Saturn | Cassini Mission | Grand Finale

Launched 15 October 1997, the Cassini Mission is in its 20th year. It reached Saturn and entered orbit on 1 July 2004. Details of the mission can be read at this Wikipedia summary. This post is mostly about the maneuvers by Cassini to change its orbit and make 22 close encounters with Saturn in what is called the Grand Finale. End of mission is scheduled for 15 Sep 2017 when the spacecraft plunges into the atmosphere of Saturn ending a long and brilliant exploration of the famous ringed planet, its rings, and 62 moons.

Clean Room Workers Ready Spacecraft | NASA | 1996

Show me more…

Advertisements

Venus | Inferior Conjunction | 2017

Venus is closer to the Sun and orbits faster than Earth. Earth takes just over 365 days. Venus orbits in just under 225 Earth days. During the recent few months, Venus was bright and easily visible in the evening sky as it caught up to and passed Earth. In doing so, it came closer and appeared larger when viewed with a telescope or binoculars. This animation from a desktop program illustrates their motions. Mercury is not shown in order to simplify the view. The sizes are exaggerated.

Show me more…

Analemma On My Wall

A prism of high quality glass sits in a south window above our mantle. It is part of a surplus optical instrument from WW-II. The window crank gives a sense of its 2″x1″x1″ size.

prism

When the Sun is low in the sky during late fall and winter, light through the prism casts a large full spectrum on the wall on the opposite side of the house. This is a closeup of the spectrum. It is always a delight to see the colors move slowly across the wall during the middle part of a sunny day.

viewspectrum

Show me more…

Viewing Heavenly Bodies | 2017

🔭  Updates an earlier post to include recent changes and information.

As an amateur astronomer, I use desktop planetarium software to plan viewing sessions and keep track of the planets and Moon. There are many products available for all computer platforms and smartphones. A Google search yields links to many sources. I downloaded and use the open source Stellarium on my desktop computer. It can be customized to your location and is free. For Android and Mac phones and tablets, I like SkySafari. It isn’t free.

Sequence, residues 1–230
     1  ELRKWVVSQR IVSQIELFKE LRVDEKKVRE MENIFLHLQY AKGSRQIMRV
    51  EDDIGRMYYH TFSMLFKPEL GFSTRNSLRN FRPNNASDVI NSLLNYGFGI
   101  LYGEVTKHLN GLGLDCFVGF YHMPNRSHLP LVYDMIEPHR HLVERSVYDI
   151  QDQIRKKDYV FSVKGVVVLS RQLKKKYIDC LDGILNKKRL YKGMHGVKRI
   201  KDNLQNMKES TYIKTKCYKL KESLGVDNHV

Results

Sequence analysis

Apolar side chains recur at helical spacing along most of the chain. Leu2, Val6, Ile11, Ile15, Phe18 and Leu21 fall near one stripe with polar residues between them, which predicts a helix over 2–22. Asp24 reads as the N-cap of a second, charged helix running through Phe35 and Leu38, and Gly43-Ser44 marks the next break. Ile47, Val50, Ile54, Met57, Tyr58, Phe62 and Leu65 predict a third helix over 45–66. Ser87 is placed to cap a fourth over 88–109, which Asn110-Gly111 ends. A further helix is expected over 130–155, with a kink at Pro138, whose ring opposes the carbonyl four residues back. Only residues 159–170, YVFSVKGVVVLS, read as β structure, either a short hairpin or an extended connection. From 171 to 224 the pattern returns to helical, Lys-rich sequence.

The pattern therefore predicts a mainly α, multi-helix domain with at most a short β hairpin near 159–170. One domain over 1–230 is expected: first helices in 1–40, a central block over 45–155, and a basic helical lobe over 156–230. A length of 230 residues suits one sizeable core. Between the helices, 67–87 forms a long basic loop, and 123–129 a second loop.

Online planetarium sites are popular and offer many features. Below are highlights of some I find interesting. Each has multiple features, a unique look and feel, and different levels of detail. They can help satisfy your curiosity about astronomical events.

I limited this post to include only a few select sites and links. Since many are available, it’s easy to be overwhelmed with too much information. I hope these few of top quality will motivate you to investigate the sky and enjoy what it has to offer. I welcome reader questions or reviews about using these tools or others you find helpful.

SaturnRingsTop

NASA

Show me more

Viewing Heavenly Bodies

🔭 This post updates one published earlier in order to include recent changes and information.

As an amateur astronomer, I often use desktop planetarium software to plan viewing sessions. There are many products available for all computer platforms and smartphones. A Google search yields links to many sources. I use the open source Stellarium on my desktop computer. For iPad, iPhone, and iPod, I use SkySafari.

Online planetarium sites are popular and offer many features. Below are highlights of some I find interesting. Each has multiple features, a unique look and feel, and different levels of detail. They can help satisfy your curiosity about astronomical events.

SaturnRingsTop

NASA

Show me more

Lunar Eclipse | Images | Tetrad Part 4

We left central Illinois well before sunset. It was overcast. The prospects for seeing the lunar eclipse were not very good. As we headed northwest toward our home in eastern Iowa, the skies showed signs of improvement. Minutes before the Sun set, it shined brightly through a big opening in the clouds. That was a good sign.

Driving west on I-80, we could see brightness in the east behind the few remaining clouds indicating that the full Moon had risen. We stopped for a driver change. There was the Moon just entering the shadow of the Earth. I periodically rotated the rearview mirror up to take a peek at the eclipsing Moon behind us. Eclipse in progress.

After we unpacked the car, I put my camera on a tripod on the front porch. This first shot showed the Moon about 50% into the umbra. Notice the curve of the Earth’s shadow. It gives a sense of the relative sizes of the Moon and Earth.

2015_0927Tetrad4_01

Show me more…